Sound familiar? This is the premise of “Frankenweenie.” Tim Burton is remaking his 1984 live-action short as a full-length, stop-motion film shot in b&w. Featuring the voices of Winona Ryder, Martin Landau, Martin Short and Charlie Tahan as Victor, “Frankenweenie” won’t hit movie theaters until October 2012. However, visitors to The Walt Disney Studios' D23 Expo this weekend (19-21 Aug.) will get a behind-the-scenes look at the film.

The expo at the Anaheim (Calif.) Convention Center also promises glimpses of never-before-scene footage of “Frankenweenie,” several other Disney, Pixar Animation Studios (“Brave”) and Marvel Studios (“The Avengers”) projects, as well as exhibits, panels, advance screenings and star appearances.

Sarah Silverman provides the voice of Vanellope von Schweetz in "Wreck-It Ralph," an animated film set in the world of video games. Photo from Getty Images.

An exhibit at Disney’s D23 Expo that is bound to inspire wonder is the one that features props from “Pirates of the Caribbean: On Stranger Tides” ... Director Andy Jimenez and his classic short, “One Man Band,” are on a program of five sessions celebrating a quarter-century of Pixar’s special brand of wizardry ... “The Lion King” fans will have an opportunity to take in an advance screening of an all-new 3D version of the film due out in the fall.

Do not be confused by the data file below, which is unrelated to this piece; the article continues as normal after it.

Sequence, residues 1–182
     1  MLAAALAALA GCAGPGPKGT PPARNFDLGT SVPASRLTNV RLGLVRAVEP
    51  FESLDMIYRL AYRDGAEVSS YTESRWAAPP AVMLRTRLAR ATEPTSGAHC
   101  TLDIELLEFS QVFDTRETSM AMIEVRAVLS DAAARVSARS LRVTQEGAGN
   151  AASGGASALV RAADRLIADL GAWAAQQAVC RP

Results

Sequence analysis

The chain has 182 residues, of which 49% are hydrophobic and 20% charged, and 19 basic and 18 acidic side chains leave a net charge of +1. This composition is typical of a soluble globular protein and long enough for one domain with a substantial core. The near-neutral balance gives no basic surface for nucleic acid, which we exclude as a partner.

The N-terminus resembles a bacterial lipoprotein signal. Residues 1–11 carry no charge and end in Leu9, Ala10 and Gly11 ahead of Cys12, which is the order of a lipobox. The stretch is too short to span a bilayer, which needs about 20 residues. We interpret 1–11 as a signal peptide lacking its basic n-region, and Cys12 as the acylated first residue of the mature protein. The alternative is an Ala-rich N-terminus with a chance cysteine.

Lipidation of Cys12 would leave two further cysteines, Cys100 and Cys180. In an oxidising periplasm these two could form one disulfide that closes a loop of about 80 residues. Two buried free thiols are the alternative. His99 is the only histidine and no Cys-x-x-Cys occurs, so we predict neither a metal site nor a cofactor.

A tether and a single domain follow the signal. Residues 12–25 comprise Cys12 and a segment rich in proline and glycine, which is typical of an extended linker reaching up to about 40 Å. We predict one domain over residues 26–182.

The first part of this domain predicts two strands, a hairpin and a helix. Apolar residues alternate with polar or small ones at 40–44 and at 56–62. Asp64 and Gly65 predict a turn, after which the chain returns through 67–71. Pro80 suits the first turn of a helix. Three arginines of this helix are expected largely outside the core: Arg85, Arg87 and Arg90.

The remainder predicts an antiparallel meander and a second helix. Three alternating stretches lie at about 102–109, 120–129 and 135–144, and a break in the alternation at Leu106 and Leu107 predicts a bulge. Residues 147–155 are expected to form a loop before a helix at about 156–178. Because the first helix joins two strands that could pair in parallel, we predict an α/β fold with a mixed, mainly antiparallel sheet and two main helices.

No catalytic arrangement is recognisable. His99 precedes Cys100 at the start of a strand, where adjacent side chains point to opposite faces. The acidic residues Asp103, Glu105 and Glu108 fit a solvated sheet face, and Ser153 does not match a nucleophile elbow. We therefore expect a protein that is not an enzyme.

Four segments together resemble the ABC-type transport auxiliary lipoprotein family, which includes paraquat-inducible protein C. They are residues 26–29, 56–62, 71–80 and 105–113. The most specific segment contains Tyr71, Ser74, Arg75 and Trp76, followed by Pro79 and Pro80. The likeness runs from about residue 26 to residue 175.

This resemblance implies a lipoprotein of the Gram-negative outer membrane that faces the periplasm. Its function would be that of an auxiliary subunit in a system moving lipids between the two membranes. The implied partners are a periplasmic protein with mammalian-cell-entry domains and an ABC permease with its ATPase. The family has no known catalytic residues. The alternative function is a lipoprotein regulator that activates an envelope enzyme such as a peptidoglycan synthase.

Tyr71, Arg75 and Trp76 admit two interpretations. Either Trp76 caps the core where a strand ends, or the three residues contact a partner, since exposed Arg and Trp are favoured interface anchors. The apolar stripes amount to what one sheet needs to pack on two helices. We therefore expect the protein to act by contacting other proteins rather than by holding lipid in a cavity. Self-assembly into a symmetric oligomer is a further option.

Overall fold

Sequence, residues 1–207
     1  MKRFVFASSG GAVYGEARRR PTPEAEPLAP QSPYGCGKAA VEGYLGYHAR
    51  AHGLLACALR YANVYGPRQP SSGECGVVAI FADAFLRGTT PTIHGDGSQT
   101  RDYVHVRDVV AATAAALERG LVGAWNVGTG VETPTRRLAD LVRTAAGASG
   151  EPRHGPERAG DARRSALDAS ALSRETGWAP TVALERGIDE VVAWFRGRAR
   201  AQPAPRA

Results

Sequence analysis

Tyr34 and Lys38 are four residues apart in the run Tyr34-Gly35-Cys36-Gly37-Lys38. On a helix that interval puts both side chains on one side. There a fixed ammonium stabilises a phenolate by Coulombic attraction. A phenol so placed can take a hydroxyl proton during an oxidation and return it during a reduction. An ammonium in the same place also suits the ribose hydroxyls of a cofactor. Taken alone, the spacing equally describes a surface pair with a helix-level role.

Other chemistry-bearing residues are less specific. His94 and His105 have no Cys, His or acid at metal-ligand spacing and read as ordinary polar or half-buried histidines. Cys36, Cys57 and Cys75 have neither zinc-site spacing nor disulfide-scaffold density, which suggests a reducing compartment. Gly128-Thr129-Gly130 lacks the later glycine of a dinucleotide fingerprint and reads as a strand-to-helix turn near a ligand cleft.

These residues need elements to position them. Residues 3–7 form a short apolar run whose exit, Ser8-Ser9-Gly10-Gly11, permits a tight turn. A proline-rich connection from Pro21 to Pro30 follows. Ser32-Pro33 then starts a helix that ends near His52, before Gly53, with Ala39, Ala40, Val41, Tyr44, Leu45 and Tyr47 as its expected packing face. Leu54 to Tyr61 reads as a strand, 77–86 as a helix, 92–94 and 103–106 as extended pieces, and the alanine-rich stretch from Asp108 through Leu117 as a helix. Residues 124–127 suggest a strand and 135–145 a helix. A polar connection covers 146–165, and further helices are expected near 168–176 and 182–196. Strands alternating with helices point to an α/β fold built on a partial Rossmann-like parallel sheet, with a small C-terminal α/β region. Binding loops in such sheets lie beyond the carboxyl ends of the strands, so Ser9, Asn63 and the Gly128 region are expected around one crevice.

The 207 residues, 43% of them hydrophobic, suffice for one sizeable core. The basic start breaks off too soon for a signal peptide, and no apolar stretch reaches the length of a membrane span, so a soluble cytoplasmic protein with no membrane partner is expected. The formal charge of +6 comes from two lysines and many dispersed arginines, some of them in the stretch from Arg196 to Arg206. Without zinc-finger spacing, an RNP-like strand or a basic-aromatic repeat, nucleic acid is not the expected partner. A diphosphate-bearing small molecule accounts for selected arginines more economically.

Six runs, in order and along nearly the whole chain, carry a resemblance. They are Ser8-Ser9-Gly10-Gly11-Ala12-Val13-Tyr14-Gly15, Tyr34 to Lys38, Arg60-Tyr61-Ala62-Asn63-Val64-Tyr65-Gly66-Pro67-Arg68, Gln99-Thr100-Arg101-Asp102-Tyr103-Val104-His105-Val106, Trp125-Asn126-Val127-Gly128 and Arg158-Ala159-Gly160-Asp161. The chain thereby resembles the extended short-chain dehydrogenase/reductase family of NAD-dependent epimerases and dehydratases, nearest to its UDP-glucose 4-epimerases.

Named in honor of the year that the Walt Disney movie studio opened its doors, D23 won’t close without trotting out stars of Disney films. Gazers can clap eyes on Miss Piggy (“The Muppets”), Willem Dafoe (“John Carter”), Jennifer Garner (“The Odd Life of Timothy Green”), Sarah Silverman (“Wreck-It Ralph”) and others.

Visit http:// to learn more about the "D23 Expo," including ticket information and visit to learn more about D23.

No comments :

Post a Comment

Creative Commons License
VEVLYN'S PEN: The Wright take on life by Vevlyn Wright is licensed under a Creative Commons Attribution-Noncommercial-Share Alike 3.0 United States License .
Based on a work at .
Permissions beyond the scope of this license may be available at .